At a maximum range of about 5-000 nautical- the Global 5000 brings within reach of one point more than one-sixth of the globe; at 6-200 nautical- the XRS expands that reach to about one-quarter. A global business environment often needs a global business travel tool.

More information from www.aero.bombardier.com

Citation Columbus
The Columbus itself stands as an example of business aviation evolution. Cessna launched itself into the business jet for sale market with a single-pilot light jet designed to provide a step-up move for pilots of the company’s largest piston and propjet twins.

As the company’s simple jets grew in popularity- the appeal of a small jet grew among businesses; and as market acceptance grew- Cessna’s customers grew more sophisticated in their use – and with that growth- Cessna grew new models- larger and more-sophisticated.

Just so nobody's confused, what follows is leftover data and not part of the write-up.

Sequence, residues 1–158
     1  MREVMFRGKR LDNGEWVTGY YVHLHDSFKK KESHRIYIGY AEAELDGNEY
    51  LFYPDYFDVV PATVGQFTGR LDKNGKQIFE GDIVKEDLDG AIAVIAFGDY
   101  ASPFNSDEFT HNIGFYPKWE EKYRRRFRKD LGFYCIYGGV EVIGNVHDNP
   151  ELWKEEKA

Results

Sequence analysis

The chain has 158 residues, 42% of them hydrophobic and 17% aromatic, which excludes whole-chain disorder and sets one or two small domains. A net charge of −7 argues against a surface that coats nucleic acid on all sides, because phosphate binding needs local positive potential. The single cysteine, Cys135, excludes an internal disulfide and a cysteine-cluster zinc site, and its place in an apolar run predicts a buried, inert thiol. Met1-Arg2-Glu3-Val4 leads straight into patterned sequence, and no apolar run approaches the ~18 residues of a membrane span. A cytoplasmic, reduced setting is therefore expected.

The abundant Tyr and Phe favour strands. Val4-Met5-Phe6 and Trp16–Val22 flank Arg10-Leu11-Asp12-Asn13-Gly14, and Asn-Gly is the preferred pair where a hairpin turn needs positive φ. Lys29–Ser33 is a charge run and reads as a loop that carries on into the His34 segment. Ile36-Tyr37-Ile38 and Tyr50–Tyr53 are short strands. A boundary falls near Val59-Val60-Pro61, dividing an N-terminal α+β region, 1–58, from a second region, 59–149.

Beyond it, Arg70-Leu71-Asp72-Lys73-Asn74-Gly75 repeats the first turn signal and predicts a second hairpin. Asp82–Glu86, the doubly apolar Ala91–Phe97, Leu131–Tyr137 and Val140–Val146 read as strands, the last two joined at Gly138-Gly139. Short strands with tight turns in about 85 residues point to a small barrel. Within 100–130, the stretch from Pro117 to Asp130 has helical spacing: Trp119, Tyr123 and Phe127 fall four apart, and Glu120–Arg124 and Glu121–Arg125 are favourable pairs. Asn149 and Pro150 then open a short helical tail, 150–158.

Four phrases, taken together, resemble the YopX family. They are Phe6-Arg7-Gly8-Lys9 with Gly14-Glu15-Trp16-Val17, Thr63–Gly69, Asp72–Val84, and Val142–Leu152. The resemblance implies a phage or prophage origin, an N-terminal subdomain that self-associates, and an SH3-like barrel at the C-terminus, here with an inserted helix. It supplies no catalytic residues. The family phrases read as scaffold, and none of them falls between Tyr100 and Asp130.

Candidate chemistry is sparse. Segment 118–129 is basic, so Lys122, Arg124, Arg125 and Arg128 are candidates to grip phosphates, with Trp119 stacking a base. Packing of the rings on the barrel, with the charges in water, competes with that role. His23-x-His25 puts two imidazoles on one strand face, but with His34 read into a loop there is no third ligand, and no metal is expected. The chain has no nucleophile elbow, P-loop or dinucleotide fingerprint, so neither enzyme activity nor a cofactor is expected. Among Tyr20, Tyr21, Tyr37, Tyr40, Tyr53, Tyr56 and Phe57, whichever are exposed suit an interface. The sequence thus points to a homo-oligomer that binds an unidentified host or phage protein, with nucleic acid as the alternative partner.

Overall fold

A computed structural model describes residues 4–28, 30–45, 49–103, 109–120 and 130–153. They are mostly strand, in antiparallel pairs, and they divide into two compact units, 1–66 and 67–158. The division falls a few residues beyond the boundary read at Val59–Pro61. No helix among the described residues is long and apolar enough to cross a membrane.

But at no time in the process did Cessna ever lose touch with the importance of any segment it served; witness the rebirth of the light jet in the CJ line and the introduction of personal jet in the Mustang at one end of the market- and the speedy Citation X at the other.

But that upper limit - the Citation X business aircraft and its stable mate- the Sovereign - remain solidly in the mid-cabin segment. For years- Citation customers asked Cessna for something beyond its mid-cabin offerings- something in a large-cabin jet- and those current and would-be customers got their wish in early 2008 when Cessna confirmed the launch of the all-new Columbus large-cabin jet.